Storage Spaces Direct Series Part 2 & 3 via Altaro Blog

Hi everyone,

I want to inform you about my two new blogpots about Storage Spaces Direct that I wrote for Altaro.

In the second post I write about the technologies in focus of S2D

You can find the post by following the link below.

In the third post you will learn the following things:

  • Where Did S2D Come From?
  • Converged vs. Hyper-Converged Infrastructure
  • How to License Storage Spaces Direct

You can find the post by following the link below.

You can post feedback and questions in the comment sections of the Altaro Blogs. 🙂

Cheers,

Flo

Storage Spaces Direct Series Part 1 – What is S2D?

Hey everyone,

today my first blog about gast blog on Altaros Hyper-V Blog was published. It’s the first blog in my storage spaces direct series and should give you a first introduction into S2D.

Please checkout the blog and leave me some feedback in the comments. 🙂

Storage Spaces Direct Series Part 1 – What is S2D?

 

How to configure StorSimple virtual Array – Microsoft Video Series

Hi everybody,

like you already know Microsoft announced a StorSimple virtual Array in December 2015.

This week Program Manager Sharath Suryanaarayan  published a Guide on YouTube about how to configure it. If you are interest in that product, you shouldn’t miss his videos.
Video #01: StorSimple Virtual Array Getting Started

Video #02: StorSimple Virtual Array Create

Video #03: StorSimple Virtual Array Configuration

Video #04: StorSimple Virtual Array Create Shares

Video #05: StorSimple Virtual Array DR

Microsoft Announcing the StorSimple Virtual Array Preview

Hi everybody,

yesterday Microsoft announced the public preview of it’s new StorSimple Virtual Array. For me a great a great fit in Microsoft Cloud and Software defined strategy. The virtual array can operate under Hyper-V or VMware ESXi and work as NAS or iSCSI server to manage up to 64 TB of storage in Azure.

What’s new in the array? (quote from azure.microsoft.com)

Virtual array form factor

The StorSimple Virtual Array is a virtual machine which can be run on Hyper-V (2008 R2 and above) or VMware ESXi (5.5 and above) hypervisors. It provides the ability to configure the virtual array with data disks of different sizes to accommodate the working set of the data managed by the device. A web-based GUI that provides a fast and easy way for initial setup of the virtual array.

Multi-protocol

The virtual array can be configured as a File Server (NAS) which provides ability to create shares for users, departments and applications or as an iSCSI server (SAN) which provides ability to create volumes (LUNs) for mounting on host servers for applications and users.

Data pinning

Shares and volumes can be created as locally-pinned or tiered. Locally-pinned shares and volumes give quick access to data which will not be tiered, for example a small transactional database that requires predictable access to all data. These shares and volumes are backed up to the cloud along with tiered shares and volumes for data protection.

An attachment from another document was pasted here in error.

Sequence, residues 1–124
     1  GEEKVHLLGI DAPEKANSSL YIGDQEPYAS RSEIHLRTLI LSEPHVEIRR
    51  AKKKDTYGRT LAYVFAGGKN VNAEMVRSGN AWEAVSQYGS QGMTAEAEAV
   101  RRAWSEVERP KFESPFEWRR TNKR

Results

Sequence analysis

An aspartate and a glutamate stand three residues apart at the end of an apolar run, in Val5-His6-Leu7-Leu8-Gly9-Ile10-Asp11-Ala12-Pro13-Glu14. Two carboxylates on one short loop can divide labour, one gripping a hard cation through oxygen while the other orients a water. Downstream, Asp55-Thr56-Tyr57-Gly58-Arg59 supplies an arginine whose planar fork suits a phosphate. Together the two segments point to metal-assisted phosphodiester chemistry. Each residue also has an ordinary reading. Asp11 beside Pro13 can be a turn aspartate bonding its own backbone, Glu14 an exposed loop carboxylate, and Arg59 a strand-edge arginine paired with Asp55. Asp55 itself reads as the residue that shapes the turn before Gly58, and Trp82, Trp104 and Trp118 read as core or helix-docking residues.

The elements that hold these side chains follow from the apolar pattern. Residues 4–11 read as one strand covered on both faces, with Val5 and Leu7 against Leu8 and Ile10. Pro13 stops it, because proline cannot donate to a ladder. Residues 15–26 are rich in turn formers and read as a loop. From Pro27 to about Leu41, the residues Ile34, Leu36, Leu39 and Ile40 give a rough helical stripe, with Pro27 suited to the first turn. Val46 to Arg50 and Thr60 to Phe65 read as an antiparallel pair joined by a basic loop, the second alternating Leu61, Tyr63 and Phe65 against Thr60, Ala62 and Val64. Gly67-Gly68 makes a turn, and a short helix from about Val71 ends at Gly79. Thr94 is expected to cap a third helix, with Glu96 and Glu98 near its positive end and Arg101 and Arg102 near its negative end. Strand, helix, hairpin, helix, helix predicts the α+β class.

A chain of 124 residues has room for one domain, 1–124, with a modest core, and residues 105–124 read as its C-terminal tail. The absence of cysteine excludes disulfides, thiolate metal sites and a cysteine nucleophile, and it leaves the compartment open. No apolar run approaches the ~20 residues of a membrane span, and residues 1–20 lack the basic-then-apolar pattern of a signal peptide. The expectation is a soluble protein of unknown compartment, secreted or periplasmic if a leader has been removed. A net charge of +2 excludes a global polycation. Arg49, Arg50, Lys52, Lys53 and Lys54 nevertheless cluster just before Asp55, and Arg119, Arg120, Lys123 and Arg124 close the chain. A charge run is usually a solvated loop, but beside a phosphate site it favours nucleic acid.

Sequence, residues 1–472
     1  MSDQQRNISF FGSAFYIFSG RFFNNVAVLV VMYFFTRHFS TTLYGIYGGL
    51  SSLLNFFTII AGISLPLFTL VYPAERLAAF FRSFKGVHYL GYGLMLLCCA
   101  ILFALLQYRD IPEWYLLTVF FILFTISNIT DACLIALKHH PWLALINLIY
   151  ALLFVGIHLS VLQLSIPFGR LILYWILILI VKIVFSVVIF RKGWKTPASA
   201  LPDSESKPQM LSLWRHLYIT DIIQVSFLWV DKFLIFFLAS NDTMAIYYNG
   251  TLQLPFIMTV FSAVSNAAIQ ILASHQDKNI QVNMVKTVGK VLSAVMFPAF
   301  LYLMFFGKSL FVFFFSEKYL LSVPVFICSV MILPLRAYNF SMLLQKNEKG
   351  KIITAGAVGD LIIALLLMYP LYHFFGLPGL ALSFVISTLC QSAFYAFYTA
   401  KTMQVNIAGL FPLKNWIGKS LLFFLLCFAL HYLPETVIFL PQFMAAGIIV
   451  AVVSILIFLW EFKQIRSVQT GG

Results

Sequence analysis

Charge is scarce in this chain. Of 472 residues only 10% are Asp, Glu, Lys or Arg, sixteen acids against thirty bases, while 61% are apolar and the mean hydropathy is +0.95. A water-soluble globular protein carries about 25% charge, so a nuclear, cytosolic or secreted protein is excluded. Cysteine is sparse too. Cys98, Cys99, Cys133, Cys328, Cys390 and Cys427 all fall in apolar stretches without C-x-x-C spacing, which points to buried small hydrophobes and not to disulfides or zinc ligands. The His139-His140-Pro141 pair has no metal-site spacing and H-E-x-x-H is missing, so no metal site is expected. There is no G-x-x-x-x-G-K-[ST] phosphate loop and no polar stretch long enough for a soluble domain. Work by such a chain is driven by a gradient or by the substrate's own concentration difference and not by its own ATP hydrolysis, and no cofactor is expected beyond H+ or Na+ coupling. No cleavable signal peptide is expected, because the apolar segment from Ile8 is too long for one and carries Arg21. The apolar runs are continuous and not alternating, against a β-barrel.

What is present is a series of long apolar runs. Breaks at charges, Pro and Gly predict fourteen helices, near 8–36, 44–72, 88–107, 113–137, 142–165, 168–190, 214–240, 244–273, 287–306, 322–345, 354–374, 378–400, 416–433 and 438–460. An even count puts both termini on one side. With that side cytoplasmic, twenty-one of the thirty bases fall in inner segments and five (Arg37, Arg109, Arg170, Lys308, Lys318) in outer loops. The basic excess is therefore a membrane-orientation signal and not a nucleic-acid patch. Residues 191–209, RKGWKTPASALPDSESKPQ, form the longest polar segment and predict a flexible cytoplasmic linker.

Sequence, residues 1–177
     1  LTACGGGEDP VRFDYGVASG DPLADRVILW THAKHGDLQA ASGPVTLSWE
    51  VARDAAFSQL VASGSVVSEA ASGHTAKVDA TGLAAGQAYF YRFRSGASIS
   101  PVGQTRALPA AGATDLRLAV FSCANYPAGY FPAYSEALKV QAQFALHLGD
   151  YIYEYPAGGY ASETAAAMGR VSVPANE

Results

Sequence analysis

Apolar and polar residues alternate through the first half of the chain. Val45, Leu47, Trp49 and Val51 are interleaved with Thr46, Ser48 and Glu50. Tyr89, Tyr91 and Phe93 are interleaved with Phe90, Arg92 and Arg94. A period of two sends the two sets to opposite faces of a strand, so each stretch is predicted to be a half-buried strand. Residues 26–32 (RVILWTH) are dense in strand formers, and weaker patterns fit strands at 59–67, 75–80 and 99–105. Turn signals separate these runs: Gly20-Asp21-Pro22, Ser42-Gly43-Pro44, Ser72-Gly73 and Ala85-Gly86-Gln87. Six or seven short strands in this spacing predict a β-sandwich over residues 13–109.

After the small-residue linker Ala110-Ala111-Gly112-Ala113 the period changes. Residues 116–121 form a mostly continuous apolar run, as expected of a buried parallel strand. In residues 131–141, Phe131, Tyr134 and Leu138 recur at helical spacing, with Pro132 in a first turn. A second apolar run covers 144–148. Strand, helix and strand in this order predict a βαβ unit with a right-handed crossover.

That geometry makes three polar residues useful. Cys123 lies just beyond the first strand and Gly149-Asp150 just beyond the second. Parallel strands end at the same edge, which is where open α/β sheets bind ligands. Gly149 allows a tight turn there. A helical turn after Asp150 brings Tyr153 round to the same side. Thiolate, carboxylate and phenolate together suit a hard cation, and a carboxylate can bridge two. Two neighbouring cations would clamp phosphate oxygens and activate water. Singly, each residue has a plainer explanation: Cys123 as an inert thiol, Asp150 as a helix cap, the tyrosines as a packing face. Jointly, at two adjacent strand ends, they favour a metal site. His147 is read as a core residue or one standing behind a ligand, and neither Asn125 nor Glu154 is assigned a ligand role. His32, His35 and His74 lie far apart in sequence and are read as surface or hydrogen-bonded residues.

Data tiering

We introduced a new algorithm for calculating the most used data by defining a heat map which tracks the usage of files and blocks at a granular level. This assigns a heat value to the data based on read and write patterns. This heat map is used for tiering of data when the local tiers are full. Data with lowest heat value (coldest) tiers to the cloud first, while the data with higher heat value is retained in the local tiers of the virtual array. The data on the local tiers is the working set which is accessed frequently be the users. The heat map is backed up with every cloud snapshot to the cloud and in the event of a DR, the heat map will be used for restoring and rehydrating the data from the cloud.

Item level recovery

The virtual array, configured as a file server, provides ability for users to restore their files from recent backups using a self-service model. Every share will have a .backups folder which will contain the most recent backups. The user can navigate to the desired backup and copy the files and folders to restore them. This eliminates calls to administrators for restoring files from backups. The virtual array can restore the entire share or volume from a backup as a new share or a volume on the same virtual appliance.

Backups

 

If you want to try out the preview or get more insides please click here.

How to plan redundancy for Scale out Fileser

Hey everybody,

after I posted some of my thoughts I normally put behind Hyper-V redundancy, today I want to show you some examples how you could plan redundancy for Scale out Fileserver.

When to choose a redundancy where only one or two cluster nodes can fail?

That is the most common and easiest why for node redundancy in a cluster. It means you have enough nodes in your cluster to cover one or two node failures. You would choose that cluster config when all of your nodes are in one datacenter or server room and you need no geo-redundant storage solution. Please notice, for a JBOD based Scale out Filserver you need at least a minimum of three JBODs. For converged Scale out Fileserver with Windows Server 2016 you will need 4 equal Scale out Fileserver Systems.

Sofs01

Traditional Scale out Fileserver with Storage Spaces and JBODs

sofs02

Traditional Scale out Fileserver with SAN Storage Backend

sofs03

Scale out Fileserver with Storage Spaces Direct in Windows Server 2016

When to choose a redundancy where you can choose half of the nodes?

In this scenario you can lose one half of your nodes but you need to fulfill some more requirements like storage replications or direct WAN links. You would normally use if you want to keep your services alive if one datacenter or serverroom fails.

sofs04

With Storage Spaces Direct in Windows Server 2016 and RDMA RoCE

sofs05

Scale out Fileserver with classic SAN storage replication